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The short answer is "maybe." It depends on whether the medical condition that is preventing you from lifting heavy objects would qualify as a "disability" pursuant to the Americans With Disabilities Act.
You are protected from discrimination on the basis of your medical condition only if it is a qualifying ailment under the Act. The determination of what constitutes a qualifying disability pursuant to the ADA is a complex issue, but in general, in order to have a “disability,” you must have a mental or physical condition that “significantly impairs a major life activity.”
According to the most recent Supreme Court decision, this analysis requires the courts to review whether the person is able to perform the tasks of daily living (washing, brushing teeth, fixing meals, housecleaning, etc.), and decide if the person is significantly more impaired in those tasks than other persons in the population who are not “disabled.” It also requires the courts to consider the person’s abilities with corrective devices, such as prostheses and medication, but may consider side effects that result from medication. For more information on what constitutes a qualifying disability, visit this link: http://www.ada.gov/qandaeng.htm
If a person is “disabled” in accordance with the ADA's definition, is having difficulty performing his/her job, and the employer knows that the reason for the difficulty is the employee’s disability, then the employer may have a duty to reasonably accommodate the employee, as long as it will not pose an undue burden on the employer to do so. In determining whether a reasonable accommodation is available, and would actually work in helping the employee do his/her job, both the employer and employee had required to talk to each other and consider each other’s ideas. An employee is not entitled to the accommodation he/she wants – he/she is only entitled to an accommodation that works.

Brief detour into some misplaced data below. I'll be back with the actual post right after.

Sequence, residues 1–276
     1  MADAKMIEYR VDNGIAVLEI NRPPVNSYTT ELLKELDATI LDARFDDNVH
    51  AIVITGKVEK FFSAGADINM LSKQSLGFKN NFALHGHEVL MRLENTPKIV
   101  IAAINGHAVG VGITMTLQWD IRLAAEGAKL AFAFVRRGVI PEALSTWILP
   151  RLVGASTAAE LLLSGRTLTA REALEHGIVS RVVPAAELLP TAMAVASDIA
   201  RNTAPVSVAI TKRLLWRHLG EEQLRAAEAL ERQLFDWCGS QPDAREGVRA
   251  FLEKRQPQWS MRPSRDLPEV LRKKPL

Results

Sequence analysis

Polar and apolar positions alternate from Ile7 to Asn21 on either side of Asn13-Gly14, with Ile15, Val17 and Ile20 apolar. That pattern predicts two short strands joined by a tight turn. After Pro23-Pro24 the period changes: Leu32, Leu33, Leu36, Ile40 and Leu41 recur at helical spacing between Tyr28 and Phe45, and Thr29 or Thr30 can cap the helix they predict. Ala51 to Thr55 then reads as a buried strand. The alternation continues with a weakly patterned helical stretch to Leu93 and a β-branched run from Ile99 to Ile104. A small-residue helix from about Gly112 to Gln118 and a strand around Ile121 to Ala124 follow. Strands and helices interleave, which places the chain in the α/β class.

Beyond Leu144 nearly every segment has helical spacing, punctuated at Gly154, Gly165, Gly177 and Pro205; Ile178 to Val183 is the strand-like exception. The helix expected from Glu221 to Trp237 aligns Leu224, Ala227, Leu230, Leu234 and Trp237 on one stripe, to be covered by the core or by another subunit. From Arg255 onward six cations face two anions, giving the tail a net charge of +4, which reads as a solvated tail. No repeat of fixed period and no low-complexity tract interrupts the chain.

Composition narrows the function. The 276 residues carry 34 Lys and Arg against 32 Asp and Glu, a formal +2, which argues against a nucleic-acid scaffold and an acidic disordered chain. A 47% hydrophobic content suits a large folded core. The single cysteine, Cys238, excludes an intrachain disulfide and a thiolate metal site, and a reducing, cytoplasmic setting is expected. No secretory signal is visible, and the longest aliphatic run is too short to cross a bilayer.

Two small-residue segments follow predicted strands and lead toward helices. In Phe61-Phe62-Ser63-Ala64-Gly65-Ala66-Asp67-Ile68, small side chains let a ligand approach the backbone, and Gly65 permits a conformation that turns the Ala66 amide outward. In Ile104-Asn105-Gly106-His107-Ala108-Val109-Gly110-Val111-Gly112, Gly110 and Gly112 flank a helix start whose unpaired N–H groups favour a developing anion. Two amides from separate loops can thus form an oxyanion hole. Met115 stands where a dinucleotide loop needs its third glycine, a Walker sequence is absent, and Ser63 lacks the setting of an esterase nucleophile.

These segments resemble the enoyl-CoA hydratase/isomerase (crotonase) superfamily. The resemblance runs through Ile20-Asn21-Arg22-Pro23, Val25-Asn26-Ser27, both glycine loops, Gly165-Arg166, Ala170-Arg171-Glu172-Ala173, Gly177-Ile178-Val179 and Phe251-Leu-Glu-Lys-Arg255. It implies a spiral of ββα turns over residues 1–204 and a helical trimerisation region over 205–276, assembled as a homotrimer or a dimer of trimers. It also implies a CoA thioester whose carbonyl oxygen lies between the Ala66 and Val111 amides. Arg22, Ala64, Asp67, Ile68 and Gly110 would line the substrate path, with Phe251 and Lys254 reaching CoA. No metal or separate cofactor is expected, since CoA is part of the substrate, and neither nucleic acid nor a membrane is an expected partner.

Thus, if your condition qualified as a "disability," and if it is reasonable and works for your employer to "accommodate" your disability by changing your job duties so that you didn't have to do heavy lifting, your employer would be legally obligated to change your duties. However, your employer would typically not be obligated to change your duties under any other circumstances.
It is worth mentioning that, even if your condition does not qualify as a "disability" pursuant to the ADA, you may still be eligible to take a protected leave of absence pursuant to the Family Medical Leave Act so that you can fully recover.
Although this leave would be unpaid, your employer would be prohibited from terminating you as a consequence of your absence while on such leave and would have to return you to a substantially similar position when you came back.
In order to be “eligible” for FMLA leave, the employee must have worked for the employer for at least one year, and worked roughly 30 hours per week (on average) during that year. All public agencies are subject to the FMLA.
So to summarize, an employer would only be "discriminating" against you in this instance if your condition qualified as a "disability" pursuant to the ADA. If you have a disability, your employer must provide reasonable accommodations. You may, however, be eligible to take FMLA protected leave to recover from your condition that prevents you from doing heavy listing regardless of whether you have ADA rights. This would be unpaid time off (unless you used vacation or sick days), but your employer would be barred from terminating you as a consequence of you taking the leave of absence.
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